The most illuminating thing the
book does is to give us a clearer
picture of the state of opinion a-
bout poetry contemporary with the
'Examiner" than do the rather
better-known vilifications of the
'Quarterly" (with which the "Ex-
aminer" waged a most delightfully
bitter war.) The "Examiner" was
quite as unequivocal in its opposed
policy as w a s the "Quarterly."
Through Leigh Hunt, it expressed
only contempt for Southey.
Through Leigh Hunt, it expressed
only contempt for Southey. Through
Hazlitt, it poured damnation on the
other Lake Poets (the famous re-
view of "Christabel," the remarks
about "Kubla Khan," the brilliant
attack on the "Excursion" means to
overwhelm Wordsworth's poetic
nostrum of the simple cottager).
Meanwhile, Leigh Hunt was writ-
ing the papers (which Mr. Blunden
happily reprints in their entirety)
in which he showed a surprising
sensitivity to genius unrealized and
an intelligent zest in defence of it.
The "Examiner" through these ten
or fifteen years was almost the only
friend of Keats, Shelley, and Byron.
And despite some excessive adula-
tion (which was a reaction against
the Quarterly's railing) it was an
intelligent friend (as the acuteness
of Hunt's textual criticism proves).
This whole critical struggle is
probably very necessary to the stu-
dent of the period; and this book
gives it completely, intelligently,
and pleasantly.


Conde Nast

10 I'VOUE $2

. One of the

the coupon now

and mail



(From Daily Princetonian)
Through the columns of the New
York Times, Mr. Louis A. Cuvillier
of the New York Legislature has;
voiced his disapproval of the dole- -
gation of American students who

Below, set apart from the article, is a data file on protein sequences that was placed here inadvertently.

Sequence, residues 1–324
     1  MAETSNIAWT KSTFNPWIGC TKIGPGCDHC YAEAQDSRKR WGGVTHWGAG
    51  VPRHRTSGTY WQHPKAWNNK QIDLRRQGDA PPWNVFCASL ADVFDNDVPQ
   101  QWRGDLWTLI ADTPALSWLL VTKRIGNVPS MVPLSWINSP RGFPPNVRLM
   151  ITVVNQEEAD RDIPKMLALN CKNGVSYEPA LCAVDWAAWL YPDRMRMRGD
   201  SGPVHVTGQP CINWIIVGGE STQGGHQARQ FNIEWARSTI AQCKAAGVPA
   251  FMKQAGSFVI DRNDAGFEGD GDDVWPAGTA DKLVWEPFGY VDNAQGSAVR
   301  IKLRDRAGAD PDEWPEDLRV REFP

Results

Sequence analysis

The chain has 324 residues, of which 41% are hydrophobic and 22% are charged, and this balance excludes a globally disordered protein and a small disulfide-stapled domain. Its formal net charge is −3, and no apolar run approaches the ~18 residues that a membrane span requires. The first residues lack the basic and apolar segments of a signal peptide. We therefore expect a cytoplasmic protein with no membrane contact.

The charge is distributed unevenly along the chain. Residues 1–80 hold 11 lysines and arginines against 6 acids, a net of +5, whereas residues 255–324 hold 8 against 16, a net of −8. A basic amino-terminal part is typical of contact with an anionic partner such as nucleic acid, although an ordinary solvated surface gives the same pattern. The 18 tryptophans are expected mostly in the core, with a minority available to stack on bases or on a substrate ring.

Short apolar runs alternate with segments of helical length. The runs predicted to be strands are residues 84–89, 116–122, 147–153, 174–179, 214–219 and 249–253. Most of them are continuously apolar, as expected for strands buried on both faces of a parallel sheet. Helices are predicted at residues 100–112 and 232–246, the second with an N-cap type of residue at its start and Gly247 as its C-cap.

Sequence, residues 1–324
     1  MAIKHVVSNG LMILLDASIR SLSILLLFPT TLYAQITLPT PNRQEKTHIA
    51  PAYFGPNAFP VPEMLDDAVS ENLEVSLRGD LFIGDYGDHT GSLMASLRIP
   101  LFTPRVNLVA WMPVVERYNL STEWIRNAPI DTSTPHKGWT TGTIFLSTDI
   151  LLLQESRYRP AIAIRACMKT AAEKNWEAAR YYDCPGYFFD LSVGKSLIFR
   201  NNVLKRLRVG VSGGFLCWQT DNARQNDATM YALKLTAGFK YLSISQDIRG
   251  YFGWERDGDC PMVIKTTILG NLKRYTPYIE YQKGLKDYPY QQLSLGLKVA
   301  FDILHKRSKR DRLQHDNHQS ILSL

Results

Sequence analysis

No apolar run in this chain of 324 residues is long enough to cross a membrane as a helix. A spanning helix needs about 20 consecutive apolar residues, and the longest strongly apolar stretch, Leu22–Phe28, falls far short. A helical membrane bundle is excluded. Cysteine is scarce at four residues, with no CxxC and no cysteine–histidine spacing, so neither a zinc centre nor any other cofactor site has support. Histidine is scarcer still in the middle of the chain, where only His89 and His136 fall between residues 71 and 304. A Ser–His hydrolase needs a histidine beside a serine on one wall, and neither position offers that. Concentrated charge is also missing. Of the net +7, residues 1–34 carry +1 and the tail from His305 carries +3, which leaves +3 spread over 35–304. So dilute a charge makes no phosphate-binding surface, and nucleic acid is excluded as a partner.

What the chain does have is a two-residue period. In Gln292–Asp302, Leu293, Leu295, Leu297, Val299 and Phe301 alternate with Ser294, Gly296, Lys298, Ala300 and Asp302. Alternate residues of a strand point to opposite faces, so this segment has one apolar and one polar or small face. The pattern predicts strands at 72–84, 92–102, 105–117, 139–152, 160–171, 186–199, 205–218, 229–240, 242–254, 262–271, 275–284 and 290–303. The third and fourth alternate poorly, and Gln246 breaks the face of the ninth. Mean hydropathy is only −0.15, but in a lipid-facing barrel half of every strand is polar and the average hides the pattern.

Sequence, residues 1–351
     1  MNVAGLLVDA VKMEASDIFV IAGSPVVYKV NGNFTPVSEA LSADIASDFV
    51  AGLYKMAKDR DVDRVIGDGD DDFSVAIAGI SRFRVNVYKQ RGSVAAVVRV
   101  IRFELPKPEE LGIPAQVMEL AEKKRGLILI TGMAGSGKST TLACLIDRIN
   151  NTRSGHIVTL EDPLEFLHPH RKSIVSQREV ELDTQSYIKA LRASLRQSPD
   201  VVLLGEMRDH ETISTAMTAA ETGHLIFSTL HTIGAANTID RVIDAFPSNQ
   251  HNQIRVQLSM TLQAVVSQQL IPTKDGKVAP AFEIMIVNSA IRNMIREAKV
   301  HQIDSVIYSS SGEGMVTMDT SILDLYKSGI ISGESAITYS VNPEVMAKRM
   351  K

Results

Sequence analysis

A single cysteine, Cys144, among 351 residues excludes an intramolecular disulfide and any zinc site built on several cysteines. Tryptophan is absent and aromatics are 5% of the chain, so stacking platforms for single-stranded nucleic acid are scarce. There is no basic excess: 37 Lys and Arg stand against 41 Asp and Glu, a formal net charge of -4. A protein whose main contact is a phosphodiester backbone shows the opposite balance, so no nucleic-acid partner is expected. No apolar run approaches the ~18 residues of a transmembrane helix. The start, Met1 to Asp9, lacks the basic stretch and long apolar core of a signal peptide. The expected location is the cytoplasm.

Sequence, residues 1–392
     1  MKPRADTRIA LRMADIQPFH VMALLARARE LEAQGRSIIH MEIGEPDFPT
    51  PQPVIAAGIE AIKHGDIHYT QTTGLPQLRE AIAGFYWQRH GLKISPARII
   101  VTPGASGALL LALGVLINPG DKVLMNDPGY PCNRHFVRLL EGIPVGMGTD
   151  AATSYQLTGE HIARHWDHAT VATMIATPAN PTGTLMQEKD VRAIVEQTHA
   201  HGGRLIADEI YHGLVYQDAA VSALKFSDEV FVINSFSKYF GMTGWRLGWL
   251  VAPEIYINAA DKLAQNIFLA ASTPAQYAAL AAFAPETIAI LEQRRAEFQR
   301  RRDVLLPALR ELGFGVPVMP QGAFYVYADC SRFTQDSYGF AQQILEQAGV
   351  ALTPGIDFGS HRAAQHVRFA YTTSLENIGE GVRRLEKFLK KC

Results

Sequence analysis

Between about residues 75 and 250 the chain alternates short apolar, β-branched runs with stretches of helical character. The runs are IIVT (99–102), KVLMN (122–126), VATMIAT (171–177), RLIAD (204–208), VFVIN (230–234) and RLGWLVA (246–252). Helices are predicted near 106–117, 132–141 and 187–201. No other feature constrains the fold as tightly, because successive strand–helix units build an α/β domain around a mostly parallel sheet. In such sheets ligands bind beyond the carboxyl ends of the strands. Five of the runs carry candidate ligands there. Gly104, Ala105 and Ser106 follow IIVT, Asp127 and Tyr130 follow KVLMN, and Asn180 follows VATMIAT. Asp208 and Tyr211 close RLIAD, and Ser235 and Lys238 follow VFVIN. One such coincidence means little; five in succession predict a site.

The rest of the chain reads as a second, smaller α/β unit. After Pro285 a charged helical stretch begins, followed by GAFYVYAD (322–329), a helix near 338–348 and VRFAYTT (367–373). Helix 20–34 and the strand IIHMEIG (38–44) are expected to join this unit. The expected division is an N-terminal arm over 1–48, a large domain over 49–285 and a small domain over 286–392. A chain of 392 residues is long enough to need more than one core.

called on President Hoover and
members of Congress with a pro-
posal to "outlaw the compulsory
f~n-.7n of f ililai r i rn frn

o the university egged on by ieaIures o mi ary training rom
squeamish parents and alumni, and American colleges and universi-
a perhaps unduly youthful urge of ties." Their petition, signed by 10,-
students to retain small privileges, 000 undergraduates in 55 institu-
all have ruptured the main sources tions, is based on the contentionI
of friendly trust and cooperation, that the study of military scienceI
even mutual respect of students and "idealizes war and inculates a
administration. This swerve is more spirit of unquestioned military obe-
than a tendency; it has well nigh dience which is an emotional arm-
become an established fact through ament of war."
disparagement over such fruits of In his criticism of their action,
the University's beneficent wisdom Mr. Cuvillier reveals a discouraging
as. are bound to come from an as- lack of faith in humanity: "the
sumed father and son, or the later world will escape the blight of war
host and guest relationships. The when man has ceased to be hu-
university's intentions and the stu- man." He appeals also to that illog-
dents' intrests are at opposite ical promulgation of the militarist:
poles. "To insure peace, you must prepare
A more emasculated form of the for war." His concluding statement
original ideal for student govern- is, "It is better for the nation and
ment was then thought up, that the student that military scienceI
of permitting the student council be studied in the colleges and uni-
to exist for routine small jobs with versities than to have our nation
occasional resolutions on the side. perish from the earth." We would